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Removal of pesticide toxicity by cysteine-capped Ag nanoparticles and study of their adsorption kinetics
Received 14 October 2016
Accepted for publication 30 October 2016
Published 15 March 2018 Volume 2018:13(T-NANO 2014 Abstracts) Pages 25—29
Checked for plagiarism Yes
Review by Single anonymous peer review
Peer reviewer comments 2
Editor who approved publication: Professor Lei Yang
Aditi Singhal,1 Mary Laura Lind2
1School of Engineering and Applied Science, Ahmedabad University, Ahmedabad, Gujarat, India; 2School for Engineering of Matter, Transport and Energy, Arizona State University, Tempe, AZ, USA
Abstract: A new method has been developed for one-step synthesis of cysteine-capped Ag nanoparticles. The particles have been characterized by several techniques, including ultraviolet–visible spectroscopy, infrared spectroscopy, X-ray diffraction, scanning electron microscopy, and transmission electron microscopy. The interaction of these nanoparticles has been seen with two pesticides, namely, chlorpyrifos and malathion, which are major water pollutants.
Keywords: Ag nanoparticles, adsorption, chlorpyrifos, malathion, kinetic models
Water toxicity has been a major problem that the world is facing today. One of the main compounds increasing the toxicity of water is pesticide, which is causing great threat to the inhabitants of earth.1 Many methods have been developed for the removal of these pesticides, but metal nanoparticles are being widely used in this area due to their unique properties, such as small particle sizes, large surface-to-volume ratio, and the ease with which they can be attached onto the solid matrices for the treatment of waste water.2 Pesticides such as chlorpyrifos and malathion are the two major water pollutants.3,4 Chlorpyrifos, O, O-diethyl-O-(3,5,6-trichloro-2-pyridyl) phosphorothioate (C9H11Cl3NO3PS), an organophosphate insecticide, is a very common one and highly used active ingredients for pest control worldwide. Malathion, S-1,2-bis(ethoxycarbonyl)ethyl O, O-dimethyl phosphorodithioate, causes child anemia, kidney failure, leukemia, and human birth defects and DNA abnormalities. In this article, we report synthesis and complete characterization of cysteine-capped Ag nanoparticles. The aim of this article is to find the affinity of these Ag nanoparticles toward the two pesticides.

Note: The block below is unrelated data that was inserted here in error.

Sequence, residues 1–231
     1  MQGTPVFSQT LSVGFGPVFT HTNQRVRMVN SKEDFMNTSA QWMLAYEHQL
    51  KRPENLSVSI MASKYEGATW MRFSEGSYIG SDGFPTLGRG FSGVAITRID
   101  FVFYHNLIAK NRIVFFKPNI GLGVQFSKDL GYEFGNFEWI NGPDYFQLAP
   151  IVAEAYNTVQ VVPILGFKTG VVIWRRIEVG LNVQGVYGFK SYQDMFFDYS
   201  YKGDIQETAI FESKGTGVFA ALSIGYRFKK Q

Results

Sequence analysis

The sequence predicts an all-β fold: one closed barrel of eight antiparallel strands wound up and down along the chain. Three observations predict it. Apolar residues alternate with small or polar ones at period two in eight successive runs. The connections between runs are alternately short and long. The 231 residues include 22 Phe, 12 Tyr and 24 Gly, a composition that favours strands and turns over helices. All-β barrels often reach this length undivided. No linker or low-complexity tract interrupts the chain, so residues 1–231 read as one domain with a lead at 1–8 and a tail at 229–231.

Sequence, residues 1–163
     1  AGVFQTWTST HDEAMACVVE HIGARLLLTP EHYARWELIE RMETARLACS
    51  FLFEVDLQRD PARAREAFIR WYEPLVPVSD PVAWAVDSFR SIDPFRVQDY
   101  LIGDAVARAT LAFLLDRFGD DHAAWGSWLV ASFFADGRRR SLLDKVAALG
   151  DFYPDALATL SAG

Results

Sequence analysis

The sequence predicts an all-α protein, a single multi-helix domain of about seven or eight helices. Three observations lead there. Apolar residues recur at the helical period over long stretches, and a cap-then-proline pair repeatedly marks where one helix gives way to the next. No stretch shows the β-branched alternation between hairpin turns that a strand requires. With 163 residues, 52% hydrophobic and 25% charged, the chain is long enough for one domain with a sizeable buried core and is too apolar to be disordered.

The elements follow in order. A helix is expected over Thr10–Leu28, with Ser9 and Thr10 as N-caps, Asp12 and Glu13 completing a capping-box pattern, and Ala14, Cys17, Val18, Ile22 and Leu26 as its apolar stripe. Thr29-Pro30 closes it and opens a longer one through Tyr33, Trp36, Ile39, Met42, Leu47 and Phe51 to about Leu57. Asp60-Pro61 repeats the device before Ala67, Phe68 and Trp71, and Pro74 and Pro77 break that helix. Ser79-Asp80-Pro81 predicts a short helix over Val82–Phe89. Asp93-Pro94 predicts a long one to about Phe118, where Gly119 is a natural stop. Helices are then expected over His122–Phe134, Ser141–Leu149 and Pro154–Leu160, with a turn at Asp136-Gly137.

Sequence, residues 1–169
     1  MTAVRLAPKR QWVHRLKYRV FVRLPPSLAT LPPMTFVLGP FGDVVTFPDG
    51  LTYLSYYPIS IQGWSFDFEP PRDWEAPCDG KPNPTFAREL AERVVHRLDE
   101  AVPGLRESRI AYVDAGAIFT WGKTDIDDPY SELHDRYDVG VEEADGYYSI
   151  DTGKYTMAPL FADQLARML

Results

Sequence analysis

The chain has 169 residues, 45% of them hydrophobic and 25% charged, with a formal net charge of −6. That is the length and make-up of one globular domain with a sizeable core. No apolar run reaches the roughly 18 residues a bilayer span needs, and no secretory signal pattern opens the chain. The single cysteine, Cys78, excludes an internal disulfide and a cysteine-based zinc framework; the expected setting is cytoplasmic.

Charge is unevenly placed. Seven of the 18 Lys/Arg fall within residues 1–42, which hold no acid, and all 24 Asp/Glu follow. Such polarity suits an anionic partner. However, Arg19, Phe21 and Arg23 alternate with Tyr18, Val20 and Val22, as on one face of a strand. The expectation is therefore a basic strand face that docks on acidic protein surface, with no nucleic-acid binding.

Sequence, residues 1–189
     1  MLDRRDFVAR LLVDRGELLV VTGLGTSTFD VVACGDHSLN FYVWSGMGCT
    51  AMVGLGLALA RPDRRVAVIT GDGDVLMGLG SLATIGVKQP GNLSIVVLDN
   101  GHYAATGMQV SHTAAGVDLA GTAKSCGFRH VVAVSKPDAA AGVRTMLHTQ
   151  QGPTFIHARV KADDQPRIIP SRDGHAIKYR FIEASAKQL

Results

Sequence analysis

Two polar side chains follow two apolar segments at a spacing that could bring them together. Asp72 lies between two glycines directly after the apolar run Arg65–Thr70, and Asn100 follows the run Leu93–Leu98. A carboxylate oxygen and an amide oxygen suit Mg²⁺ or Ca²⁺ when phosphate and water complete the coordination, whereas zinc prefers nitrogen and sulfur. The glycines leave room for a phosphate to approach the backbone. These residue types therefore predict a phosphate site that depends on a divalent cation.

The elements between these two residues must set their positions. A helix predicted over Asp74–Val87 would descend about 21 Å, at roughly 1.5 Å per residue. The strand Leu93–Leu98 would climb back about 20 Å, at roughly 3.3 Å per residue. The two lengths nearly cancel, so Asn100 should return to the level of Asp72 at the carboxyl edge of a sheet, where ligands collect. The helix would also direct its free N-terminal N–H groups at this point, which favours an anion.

Materials and methods
L-Cysteine, ethanol, AgNO3, tert-butylamine–borane complex (Sigma Chemical, St Louis, MO, USA; Fisher Scientific, Hampton, NH, USA), and the Nanopure water (18 MΩ) were used for the experiments. Ultraviolet–visible (UV–Vis) spectrometry was performed using an Agilent 8453 UV-VIS-NIR Photodiode Array System (Agilent Technologies, Santa Clara, CA, USA). Fourier transform infrared spectroscopy (FT-IR) was performed using a Nicolet Magna 850 FT-IR spectrometer (Thermo Fisher Scientific, Waltham, MA, USA) in mid-IR range. Powder X-ray diffraction (XRD) pattern was obtained on a Philips X’PERT-MPD (PANalytical, Boulder, CO, USA), with CuKα between 10° and 80°. Scanning electron microscopy (SEM) was performed on a FEI XL40 Sirion FEG digital scanning microscope (FEI, Hillsboro, OR, USA). Transmission electron microscopy (TEM) analysis was carried out using a FEI-Technai G2 Sphera microscope with field emission gun at 200 kV, point resolution at 0.27 nm, and a line resolution at 0.14 nm. Cysteine-capped Ag nanoparticles were prepared by a simple one-step synthesis process, which has already been reported.5 One ppm solution of pesticide (chlorpyrifos/malathion) and 7 ppm solution of cysteine-capped Ag nanoparticles (concentration calculated from the calibration plot) were prepared. Using these, two different solutions were prepared, solution I contains 2 mL (7 ppm) of Ag solution +2 mL of water and solution II contains 2 mL (7 ppm) of Ag solution +2 mL (1 ppm) of pesticide solution. Absorbance of both these solutions was recorded. The absorbance of solution II was recorded after every 20 min, and the change in the absorbance value was noted.
Results and discussion
The synthesis method used herein resulted in uniformly shaped Ag nanoparticles with a mean diameter of 9 nm, which can be seen from the SEM (Figure 1A) and TEM (Figure 1B) images. XRD analysis of the particles revealed a face-centered cubic structure (Figure 1C). The IR spectrum of Ag indicated clearly the formation of thiol–silver bond, marked by the disappearance of 2,500 cm−1 peak in free cysteine which is due to the thiol group. This peak is absent in the IR spectrum of Ag nanoparticles. It is due to the formation of S-Ag bond replacing the thiol (S–H) bond in cysteine (Figure 1D).
Figure 1 (A) Scanning electron microscopy, (B) transmission electron microscopy, (C) X-ray diffraction pattern, and (D) infrared image of cysteine-capped Ag nanoparticles.